Headline February 16, 2017/ ''' *DECADENT AGE *CRUMBLES* '''


EVERY DETAIL REGISTERED. The year 1976 was  a breakpoint  in time, between the old world and the new.

Out of the air fell a man in a duffel coat, stumbling down a scree in New Mexico. Pale faced, flame-haired an angel translated to Seventies America; an Ambassador from a planet-

Come to warn us of the consequences of our behaviour.

As a suburban schoolboy growing up in Southampton, I felt I was falling through the cracks between  worlds. Into that space stopped  the  sombre shape of  Thomas Jerome Newton: ostensibly respectable, bespectacled, in an anodyne black suit.  

But beneath that shell lay another creature. bursting to get out like a butterfly from a chrysalis. 

The person who played him [or was it the other way around] was lodged in my mind as the epitome of decadent, crumbling age

He'd reached out through our  black and white  television screen offering Technicolor salvation, and I'd recognised the message. 

Now, as he morphed into his latest guise, he spoke to me from the widescreen; an alien summoned to Earth by the images he had seen to his own interplanetary receiver.

In the May of that year, I'd stood on a railway platform, waiting to be taken to a London district where, beyond all expectation. The Thin White Duke appeared on stage.

Blindingly back-lit with banks of florescent lights, prefaced by Banuel's Un Chien Andalou and Kraftwerk's bleeping  Radio-Activity  album, he wore a similarly austere, monotone costume; only now he had become a cabaret singer out of some dystopian future, via Man Ray.

The Velvet Underground and William Burroughs. It was hard to imagine, through the opening of  ''Station to Station'' , that both he, and I, had arrived by rail [although in his case, by a specially chartered train which drew into Victoria].

A few months later, now at college in another London suburb, I went to the local cinema, a tiles art deco emporium to see:
The Man Who Fell To Earth.

The film stayed with me, fetishistically, psychically; more seance than movie; a continually replaying communion, seen through celluloid, back-lit again.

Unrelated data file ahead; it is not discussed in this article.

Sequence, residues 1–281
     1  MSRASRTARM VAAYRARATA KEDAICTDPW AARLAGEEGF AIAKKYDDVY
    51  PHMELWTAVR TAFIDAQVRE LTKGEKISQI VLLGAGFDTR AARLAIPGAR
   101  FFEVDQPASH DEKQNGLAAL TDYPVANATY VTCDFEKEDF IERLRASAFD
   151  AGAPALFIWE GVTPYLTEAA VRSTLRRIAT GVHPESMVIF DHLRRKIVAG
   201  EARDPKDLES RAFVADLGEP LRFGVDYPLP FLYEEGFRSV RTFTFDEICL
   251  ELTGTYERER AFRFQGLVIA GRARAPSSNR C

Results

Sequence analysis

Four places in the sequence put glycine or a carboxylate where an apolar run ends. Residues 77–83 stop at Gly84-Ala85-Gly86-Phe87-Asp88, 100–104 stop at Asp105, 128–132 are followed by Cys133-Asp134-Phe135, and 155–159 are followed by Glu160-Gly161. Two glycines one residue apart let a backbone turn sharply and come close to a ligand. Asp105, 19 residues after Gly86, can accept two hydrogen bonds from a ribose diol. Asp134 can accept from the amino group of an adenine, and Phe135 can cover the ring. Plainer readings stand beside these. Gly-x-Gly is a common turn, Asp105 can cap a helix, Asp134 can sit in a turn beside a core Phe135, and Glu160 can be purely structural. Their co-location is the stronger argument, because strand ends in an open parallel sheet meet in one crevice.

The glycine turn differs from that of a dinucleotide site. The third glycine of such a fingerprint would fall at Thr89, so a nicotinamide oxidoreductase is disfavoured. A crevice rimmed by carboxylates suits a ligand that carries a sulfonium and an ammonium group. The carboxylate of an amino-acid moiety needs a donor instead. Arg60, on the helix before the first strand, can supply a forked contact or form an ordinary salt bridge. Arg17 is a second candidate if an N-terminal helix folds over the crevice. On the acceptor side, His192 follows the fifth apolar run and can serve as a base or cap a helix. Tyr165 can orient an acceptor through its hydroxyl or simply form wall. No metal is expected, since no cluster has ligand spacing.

Every detail registered. And just as I studied the typography of an album cover for aesthetic clues. nothing escaped me about Newton's wardrobe.
The duffel coat, its hood transforming the alien into a kind of monk as he looms out of the dark to surprise the scientist, Doctor Bryce, on a pontoon in the lake; later, he stands in low profile, looking out over the water like Jay Gatsby.

It was the sense of ordinariness on the body o an extraordinary person which spoke to disconnected time. 

The shirt buttoned at the neck without a tie. The wool overcoat. The padded, high-waisted culottes and plastic sandals. The tennis visor and white short and shorts as he plays in a surreal room with autumn leaves on an artificial grass carpet.

The grey underwear and  corset he wears as he watches a multibank of TV screens transmitting cut-up samples of Earth culture. The trilby hat that falls over his face in the final scene, with its symbolic admission of defeat.

All these seemed to announce a fragmented, overloaded future, post Kubric's-2001 : A Space Odyssey; the real future that we faced, rather than an imaginary one.

Indeed, time itself bends in the film when Newton, being chauffeured through the countryside, suddenly enters a sepia scene of 19th century sharecroppers, to a burst of a mutated banjo on the soundtrack.

And where Kubricks's costumes were provided by Hardy Amies, the costumes worn by Newton in Nicolas Roeg's film [his costume was designed by Ola Hudson; The Thin White Duke's white shirt was by Paul Smith] looked like they could have come from a jumble sale.

Which were the source of my own wardrobe in those pre-retro, pre-vintage, cut-up days: out of the thirties, in the Seventies, and into the 23rd century.

I went back again to that cinema. In an analogue era, I even took my cassette recorder and surreptitiously taped the soundtrack, the results to be replayed in the privacy of my own room, allowing my head to fill in the visuals. 

I felt haunted by Newton, possessed. As if he were leading me into a dangerous territory. But I knew I had to follow.

Then came my third transition. The slam-door train rattled along the river, a brown god by day, a black serpent by night. 

I walked out of the station and over the bridge. The sodium lights glittered on the sulphurous water, turning the river into a reflection of itself, an incomprehensible conduit, an immemorial witness.

The city was sucking me in. The streets ahead were dark, too, full of blank-eyed warehouses. The market's cellars stood empty, caverns undermining the piazza.  

None of this offered a retail opportunity:   there were no street performers or pavement cafes by day,   and by night,    Convent Garden seemed a perilous place, with its own sense of dystopian theatre.

Down a dark street, I queued outside a doorway. 

As I stood there, a boy with peroxide hair in a black leather-biker's jacket asked for a light. In that moment  -in the flaming flare from a  match,  the sheen on his jacket, his affected drawl  -everything changed again.

I descended into the cellar, and watched my first punk band play; they,too, were the children of my idol. 

The following year, in the greatest pop song ever written, we would all be proclaimed  ''Heroes'', even as we knew that were nothing, and that nothing would help us.   

With respectful dedication to the Students, Professors and Teachers of Creation Writing of the world.. See Ya all on !WOW!   -the World Students Society and Twitter-!E-WOW!  -the Ecosystem 2011:

''' Essay '''

Good Night and God Bless

SAM Daily Times - the Voice of the Voiceless


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